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Creole IndigeneityBetween Myth and Nation in the Caribbean$
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Shona N. Jackson

Print publication date: 2012

Print ISBN-13: 9780816677757

Published to Minnesota Scholarship Online: August 2015

DOI: 10.5749/minnesota/9780816677757.001.0001

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Beyond Caliban, or the “Third Space” of Labor and Indigeneity

Beyond Caliban, or the “Third Space” of Labor and Indigeneity

(p.211) Conclusion: Beyond Caliban, or the “Third Space” of Labor and Indigeneity
Creole Indigeneity

Shona N. Jackson

University of Minnesota Press

This concluding chapter suggests a significant shift in Caribbean studies, stressing the need to go beyond Caliban and the metaphysics of modern labor. What is at stake in the ability to stop acting out Caliban’s role is both indigenous sovereignty and land rights, as well as a rejection of being in terms of capitalism and the continued requirement of master/slave modes of being that cannot account for Amerindian epistemologies. The various modes presented in the book ties the displacement of the narrative and political position of “prior arrival” to the solidification of black and other Creole modes of settler belonging in the New World. It also looks into studies done by others such as Elizabeth DeLoughrey and Kevin Bruyneel who present a “third space of sovereignty”, which is produced when the inherent sovereignty of Indigenous Peoples confronts the special and temporal ways of interpreting that sovereignty within the U.S. political system.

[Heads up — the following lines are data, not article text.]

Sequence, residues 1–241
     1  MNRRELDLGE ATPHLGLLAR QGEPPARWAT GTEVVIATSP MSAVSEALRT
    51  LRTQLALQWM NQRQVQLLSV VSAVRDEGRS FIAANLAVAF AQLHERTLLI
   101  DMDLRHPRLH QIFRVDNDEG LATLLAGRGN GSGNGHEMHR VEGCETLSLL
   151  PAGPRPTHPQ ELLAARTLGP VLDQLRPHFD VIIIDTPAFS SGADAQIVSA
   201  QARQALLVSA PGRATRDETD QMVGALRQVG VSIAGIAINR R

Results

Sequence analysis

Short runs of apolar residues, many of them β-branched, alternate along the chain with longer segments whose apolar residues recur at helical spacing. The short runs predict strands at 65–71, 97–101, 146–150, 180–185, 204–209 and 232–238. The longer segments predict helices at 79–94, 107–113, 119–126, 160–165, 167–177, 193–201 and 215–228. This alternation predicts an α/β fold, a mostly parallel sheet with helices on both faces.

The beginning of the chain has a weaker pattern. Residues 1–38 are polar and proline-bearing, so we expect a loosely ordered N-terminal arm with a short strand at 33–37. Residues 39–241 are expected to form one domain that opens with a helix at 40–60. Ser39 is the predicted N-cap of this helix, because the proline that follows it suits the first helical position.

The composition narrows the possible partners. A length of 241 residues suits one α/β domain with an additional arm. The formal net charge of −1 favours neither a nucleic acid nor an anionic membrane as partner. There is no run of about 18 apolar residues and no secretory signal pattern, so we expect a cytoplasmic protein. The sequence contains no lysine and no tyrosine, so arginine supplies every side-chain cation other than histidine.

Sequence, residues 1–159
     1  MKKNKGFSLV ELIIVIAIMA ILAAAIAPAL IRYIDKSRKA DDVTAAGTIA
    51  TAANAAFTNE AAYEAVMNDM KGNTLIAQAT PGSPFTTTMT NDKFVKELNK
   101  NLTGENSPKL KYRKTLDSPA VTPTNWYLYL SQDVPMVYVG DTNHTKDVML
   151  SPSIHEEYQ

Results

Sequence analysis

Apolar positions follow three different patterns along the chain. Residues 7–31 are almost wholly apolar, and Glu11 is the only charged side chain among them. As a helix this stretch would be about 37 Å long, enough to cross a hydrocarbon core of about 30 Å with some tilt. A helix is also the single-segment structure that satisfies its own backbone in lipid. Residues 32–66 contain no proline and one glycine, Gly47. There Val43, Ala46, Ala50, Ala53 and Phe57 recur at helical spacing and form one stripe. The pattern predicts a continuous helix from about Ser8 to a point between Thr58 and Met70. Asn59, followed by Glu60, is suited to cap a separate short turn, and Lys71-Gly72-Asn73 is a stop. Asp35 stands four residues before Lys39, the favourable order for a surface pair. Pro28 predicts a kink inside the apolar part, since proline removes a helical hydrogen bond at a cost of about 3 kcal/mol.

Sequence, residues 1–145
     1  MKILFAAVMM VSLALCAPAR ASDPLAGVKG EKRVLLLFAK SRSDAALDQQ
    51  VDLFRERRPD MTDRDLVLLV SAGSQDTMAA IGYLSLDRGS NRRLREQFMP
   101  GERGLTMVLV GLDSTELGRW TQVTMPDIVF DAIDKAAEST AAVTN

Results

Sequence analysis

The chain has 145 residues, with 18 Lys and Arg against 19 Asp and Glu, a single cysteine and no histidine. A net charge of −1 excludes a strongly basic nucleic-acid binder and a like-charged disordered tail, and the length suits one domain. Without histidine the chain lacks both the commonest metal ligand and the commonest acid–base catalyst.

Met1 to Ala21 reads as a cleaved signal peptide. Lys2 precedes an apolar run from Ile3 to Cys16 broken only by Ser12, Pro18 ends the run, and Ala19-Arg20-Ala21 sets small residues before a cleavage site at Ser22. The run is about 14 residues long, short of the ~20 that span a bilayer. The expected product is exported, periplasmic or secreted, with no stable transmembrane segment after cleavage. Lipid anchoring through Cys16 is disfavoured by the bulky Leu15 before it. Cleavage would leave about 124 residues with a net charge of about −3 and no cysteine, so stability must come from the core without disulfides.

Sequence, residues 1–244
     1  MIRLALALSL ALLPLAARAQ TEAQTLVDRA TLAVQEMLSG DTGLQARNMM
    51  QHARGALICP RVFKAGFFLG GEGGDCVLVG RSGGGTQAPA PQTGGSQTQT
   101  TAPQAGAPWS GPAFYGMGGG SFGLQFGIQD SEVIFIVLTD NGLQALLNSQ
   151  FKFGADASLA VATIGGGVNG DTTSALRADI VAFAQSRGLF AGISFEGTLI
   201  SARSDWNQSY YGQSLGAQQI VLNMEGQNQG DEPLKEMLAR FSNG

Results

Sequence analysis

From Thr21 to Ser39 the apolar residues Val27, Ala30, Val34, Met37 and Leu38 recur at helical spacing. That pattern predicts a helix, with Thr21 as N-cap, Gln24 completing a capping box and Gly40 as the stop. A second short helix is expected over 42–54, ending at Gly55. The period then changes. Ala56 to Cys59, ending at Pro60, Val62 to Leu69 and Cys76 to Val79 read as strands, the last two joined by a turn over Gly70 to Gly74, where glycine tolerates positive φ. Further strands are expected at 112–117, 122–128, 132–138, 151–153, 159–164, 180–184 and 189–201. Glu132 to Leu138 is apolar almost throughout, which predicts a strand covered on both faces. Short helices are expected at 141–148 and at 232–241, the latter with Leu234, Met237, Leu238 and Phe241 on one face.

Keywords:   Caribbean studies, Caliban, indigenous sovereignty, Amerindian epistemologies, prior arrival, Elizabeth DeLoughre, Kevin Bruyneel, Indigenous Peoples, inherent sovereignty

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